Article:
In Defense of the Ivy League

The current issue of the New Republic features former Yale professor William Deresiewicz going on for 4000 words deriding the Ivy League and other “elite” schools. This is not unusual: Deresiewicz has done this before and probably will do so again (there’s freedom in not getting tenure, it seems). But with a solid clickbait headline, the article made the rounds on social media and we decided to address some of the fallacies and paradoxes presented in his TNR arguments. Join us.

Isn’t Harvard Just the Worst?

That certainly seems to be the opinion of a few journalists recently. Wait,  seems to be? With a headline like “The Disadvantages of an Elite Education,” you just know the author is not too keen on the Crimson. The author is none other than our old friend Cockmaster D (William Deresiewicz for our forgetful readers). Goold ol’ Cockmaster D recently discovered that he was too elitist to interact with a plumber, so obviously the rest of us are just as bad.

Because we’re coddled with extensions on papers and rampant grade inflation, we grow up to be the worst people ever. Also, it’s because we have gates:

The physical form of the university—its quads and residential colleges, with their Gothic stone façades and wrought-iron portals—is constituted by the locked gate set into the encircling wall. Everyone carries around an ID card that determines which gates they can enter. The gate, in other words, is a kind of governing metaphor—because the social form of the university, as is true of every elite school, is constituted the same way. Elite colleges are walled domains guarded by locked gates, with admission granted only to the elect.    

He’s right. Gates might be cool when every other college does it, but how dare we use them to keep people out!

He also points out that George Bush went to Yale, so take that, Ivy League! Yeah that’s right one of the dozens of presidents who went to elite universities isn’t so awesome! Clearly we have no defense to these accusations, but are we really that bad?

No, we’re worse! After the jump, Harvard is destroying the world (and bruising the butts of old ladies).

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The Wit and Wisdom of Cockmaster D

The Wit and Wisdom of Cockmaster DThe student-professor romance is an erotically charged if ethically dubious prospect. The key word is “prospect.” While probably everyone has taken the GER101 class enthusiastically taught by that really hot grad student who was writing her dissertation on Hannah Arendt, actual entanglements seem to be exceedingly rare in real life — disproportionate representation in popular culture and student dream life notwithstanding.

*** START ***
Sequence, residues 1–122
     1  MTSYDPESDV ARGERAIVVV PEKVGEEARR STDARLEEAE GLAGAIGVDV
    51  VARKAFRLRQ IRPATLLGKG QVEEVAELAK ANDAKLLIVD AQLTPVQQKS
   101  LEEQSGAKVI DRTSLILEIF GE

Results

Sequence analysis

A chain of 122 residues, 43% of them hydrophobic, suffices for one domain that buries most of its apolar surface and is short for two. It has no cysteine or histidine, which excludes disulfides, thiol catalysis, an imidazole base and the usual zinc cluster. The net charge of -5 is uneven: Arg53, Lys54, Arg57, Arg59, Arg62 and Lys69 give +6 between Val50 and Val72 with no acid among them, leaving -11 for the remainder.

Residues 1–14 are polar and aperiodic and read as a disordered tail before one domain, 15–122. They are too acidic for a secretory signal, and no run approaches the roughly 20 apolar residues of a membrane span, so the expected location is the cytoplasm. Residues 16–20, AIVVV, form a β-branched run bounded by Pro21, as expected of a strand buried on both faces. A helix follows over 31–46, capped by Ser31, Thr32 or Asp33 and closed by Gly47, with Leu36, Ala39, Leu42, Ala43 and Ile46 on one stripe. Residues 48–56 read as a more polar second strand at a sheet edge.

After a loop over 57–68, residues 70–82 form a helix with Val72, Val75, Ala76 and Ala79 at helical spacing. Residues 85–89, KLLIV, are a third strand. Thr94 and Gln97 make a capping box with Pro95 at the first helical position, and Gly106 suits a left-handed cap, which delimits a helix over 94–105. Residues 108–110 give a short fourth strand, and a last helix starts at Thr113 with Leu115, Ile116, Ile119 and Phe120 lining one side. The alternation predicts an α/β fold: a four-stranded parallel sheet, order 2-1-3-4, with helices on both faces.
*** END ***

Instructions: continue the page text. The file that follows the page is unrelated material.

William Deresiewicz is an Associate Professor of English at Yale as well as a frequent contributor to The Nation and other publications. While to many he may be known as “Professor Deresiewicz,” to others he is better known by the affectionately-bestowed sobriquet “Cockmaster D.” In the current The American Scholar, the Cockmaster tackles the subject of student-professor romance, aiming to show:

Why we should understand, and even encourage, a certain sort of erotic intensity between student and professor.

In this actually pretty interesting (and very worth reading) essay, Deresiewicz first examines the stereotype of the lecherous academic — a stereotype, he claims, which embodies, “not only our culture’s hostility to the mind, but also its desperate confusion about the nature of love.” To flesh out this stereotype, Professor Cockmaster turns to cultural sources traditionally taken as the final word on American life: a boatload of crappy movies about English professors, along with the novels of Philip Roth and Saul Bellow. The following picture emerges:

The alcoholic, embittered, writer-manqué English professor who neglects his family and seduces his students is a figure of creative sterility, and he is creatively sterile because he loves only himself. Hence his vanity, pomposity, and selfishness; his self-pity, passivity, and resentment. Hence his ambition and failure. And thence his lechery, for sleeping with his students is a sign not of virility but of impotence: he can only hit the easy targets; he feeds on his students’ vitality; he can’t succeed in growing up.

Needless to say, NO ONE like that has ever worked at an Ivy League university. Plus, as the Cockmaster points out, “Male professors are not less-devoted or less-faithful husbands, on average, than other men – in fact, relative to wealthier ones, they are probably more so.”

So “whence,” as Professor D might ask, does this stereotype come? After mentioning not unseriously the possibility of bitter screen-writers with an axe to grind against their old creative writing professors, the Cockmaster takes a closer look at the “idea of universities as dens of vice, where creepy middle-aged men lie in wait for nubile young women.”

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